Thank you so much for sharing your beautiful wedding with us all.

  • Shanley

    I’m intrigued by what (little) you said about your ceremony… any chance you’d be willing to share more details? I’d really like ours to reflect those who will have come such a long way to support us…

    • Nicole

      Shanley – I replied to a similar question at the bottom of the comments… Good luck with your ceremony!

  • dammit.
    Just when I had finally agreed to let go of all the angst I have over the fact that my wedding is not really what I wanted, this post comes along and reminds me of everything it could have been if I had been strong enough to stand up to other peoples expectations and do what we wanted rather than what was “easy”…
    Your wedding looked stunning and SO much fun Nicole and Tim. I love it, and I agree with Meg, wish I had been there!
    All the best :)

    • Nicole

      The thing is it was easy for us because we had no pressures or expectations on us by anyone really – both sets of parents were very supportive of whatever we chose. So I imagine that if there was more pressure on us to do things differently it may well have been different, because I bet there would be nothing worse than making your wedding choices a battleground. I could absolutely imagine making some choices I wasn’t entirely happy with just in order to keep the peace and keep everyone happy.

      Actually we changed our mind on a few things independently.. when we started the whole planning process we said ‘definitely no formal seating and ABSOLUTELY no allocated seating – way too stuffy’ and ‘no cake cutting – too traditional for no good reason’. We ended up doing all of these things for different reasons and it worked out just fine!

  • Wow. Yes, beautiful, magical wedding! I wish I were there too!!! And dang, I live in Australia! I could have made it!! :) Congratulations you two–you are inspiration for all of us!

  • *sigh* This was lovely. And I can completely relate – especially the whole feeling like you should be mentally preparing for what you’re about to do but you’re setting the table/decorating the venue. That was definitely me.

    Also, I love that Nicole said “celebrant” instead of officiant. We use officiant a lot in the States, so I’m not really used to hearing celebrant. But celebrant sounds so much happier and less stuffy. Because you *are* celebrating, yes?

    Beautiful wedding, Nicole!

  • april

    Oh, what a pretty and joyous wedding y’all had! Looks absolutely fantastic and filled to the brim with love. And I just *adore* the colorful paper lantern lights – they look so cheery and glowy. Love it!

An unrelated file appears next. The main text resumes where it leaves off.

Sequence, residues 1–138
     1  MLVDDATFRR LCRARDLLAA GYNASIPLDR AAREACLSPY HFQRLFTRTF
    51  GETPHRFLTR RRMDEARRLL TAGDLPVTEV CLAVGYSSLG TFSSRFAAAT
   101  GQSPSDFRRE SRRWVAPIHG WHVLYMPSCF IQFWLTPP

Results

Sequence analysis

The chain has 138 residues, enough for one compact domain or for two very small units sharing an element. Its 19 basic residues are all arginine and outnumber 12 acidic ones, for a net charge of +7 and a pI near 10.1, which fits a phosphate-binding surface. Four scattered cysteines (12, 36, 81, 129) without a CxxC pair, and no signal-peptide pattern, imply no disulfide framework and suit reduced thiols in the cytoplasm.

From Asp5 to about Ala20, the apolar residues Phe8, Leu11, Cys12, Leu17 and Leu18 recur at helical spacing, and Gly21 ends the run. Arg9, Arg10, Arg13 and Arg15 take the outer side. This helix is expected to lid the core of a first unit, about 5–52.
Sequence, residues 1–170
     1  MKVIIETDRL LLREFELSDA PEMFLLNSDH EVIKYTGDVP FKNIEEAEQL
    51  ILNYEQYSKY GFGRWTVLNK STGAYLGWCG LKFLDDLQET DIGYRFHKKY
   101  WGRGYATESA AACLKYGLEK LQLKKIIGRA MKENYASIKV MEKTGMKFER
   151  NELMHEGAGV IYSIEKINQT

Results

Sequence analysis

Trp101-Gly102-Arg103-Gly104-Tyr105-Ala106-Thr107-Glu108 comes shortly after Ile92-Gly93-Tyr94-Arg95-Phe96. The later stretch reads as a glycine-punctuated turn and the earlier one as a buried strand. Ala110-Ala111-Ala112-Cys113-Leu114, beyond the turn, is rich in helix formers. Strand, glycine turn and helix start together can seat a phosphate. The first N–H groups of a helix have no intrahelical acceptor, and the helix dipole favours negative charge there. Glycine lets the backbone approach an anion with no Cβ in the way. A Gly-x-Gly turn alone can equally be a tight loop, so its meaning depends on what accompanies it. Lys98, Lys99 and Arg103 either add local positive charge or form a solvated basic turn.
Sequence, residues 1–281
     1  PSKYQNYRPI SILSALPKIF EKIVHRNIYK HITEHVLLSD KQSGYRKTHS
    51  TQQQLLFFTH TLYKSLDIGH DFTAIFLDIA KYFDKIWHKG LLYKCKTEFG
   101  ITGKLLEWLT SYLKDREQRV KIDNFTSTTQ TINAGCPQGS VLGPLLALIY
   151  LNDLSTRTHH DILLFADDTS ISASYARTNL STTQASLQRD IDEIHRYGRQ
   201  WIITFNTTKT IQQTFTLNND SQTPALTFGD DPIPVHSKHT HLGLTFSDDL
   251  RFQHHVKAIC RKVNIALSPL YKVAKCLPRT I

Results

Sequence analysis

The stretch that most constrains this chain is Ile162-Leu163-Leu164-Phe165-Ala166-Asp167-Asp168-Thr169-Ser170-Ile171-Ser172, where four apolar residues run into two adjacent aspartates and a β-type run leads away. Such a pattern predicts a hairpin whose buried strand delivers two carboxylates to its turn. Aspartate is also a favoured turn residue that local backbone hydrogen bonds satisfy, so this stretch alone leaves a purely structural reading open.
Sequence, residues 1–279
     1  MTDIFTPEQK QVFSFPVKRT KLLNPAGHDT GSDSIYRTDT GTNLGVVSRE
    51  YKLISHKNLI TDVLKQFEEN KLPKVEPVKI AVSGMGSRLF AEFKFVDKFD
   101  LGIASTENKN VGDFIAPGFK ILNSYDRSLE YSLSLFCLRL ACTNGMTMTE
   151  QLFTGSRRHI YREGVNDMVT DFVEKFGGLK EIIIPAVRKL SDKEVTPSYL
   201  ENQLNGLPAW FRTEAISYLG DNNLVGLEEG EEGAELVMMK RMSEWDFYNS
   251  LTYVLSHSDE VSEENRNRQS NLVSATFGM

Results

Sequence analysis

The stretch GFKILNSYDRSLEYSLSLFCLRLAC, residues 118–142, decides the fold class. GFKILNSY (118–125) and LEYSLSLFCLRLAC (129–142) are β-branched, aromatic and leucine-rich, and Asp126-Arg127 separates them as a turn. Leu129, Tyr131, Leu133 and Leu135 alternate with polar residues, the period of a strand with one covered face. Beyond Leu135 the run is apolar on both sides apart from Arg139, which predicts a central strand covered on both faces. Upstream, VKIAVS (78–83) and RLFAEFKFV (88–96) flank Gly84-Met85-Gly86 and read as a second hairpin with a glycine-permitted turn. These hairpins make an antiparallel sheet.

Thank you so much for sharing your day and much happiness to you both. xo

  • Eliza

    This is just so beautiful. The happiness is so clear! (Also I LOVE your lighting! Stunning.) And that dress! And all the red!! And the gum trees… I love gum trees. So many beautiful, personal things.

    And I hate to admit it, but I am SO envious of you right now!! I’m in Melbourne and I wish I could find somewhere like this for us, and I’m really struggling with not letting go of the dream of outdoorsy, laid back, relaxed and personal because the only things on offer seem to be function-y and formal. Any advice on how you made the decision to have it where you did?

    • Nicole

      So Nanga Bush Camp is 1.5 hours from Perth, which felt like the perfect distance, especially because many of our friends were leaving their small kids with babysitters. So within that radius there really weren’t that many choices of places like Nanga where everyone could sleep over, with a venue big enough to hold the party that was in beautiful forest!

      Wouldn’t there be loads of places just outside Melbourne? Try finding out where school groups go for school camps, or maybe there are lists of venues for outdoor education or corporate weekends away? Nanga certainly doesn’t pop up on any list of wedding venues on the internet!

      Another idea – any venues in National Parks? There is a West Aussie wedding blog and their venue was a pavilion in a National Park, with a nearby campground where people could pitch tents.

      Also right in Melbourne, I know of people who got married at CERES in Brunswick or the Collingwood Children’s Farm?

      • karen

        I recognised Nanga as soon as I saw the first pictures! (Ex-WA girl here). What I love about this wedding is it is so perfect in the space – the kind of running crazy outdoors and fireside huddles and away from the world hanging out with your friends that I remember for childhood visits with an extra element of wedding magic and joy on top. Congrats to Nicole and Tim!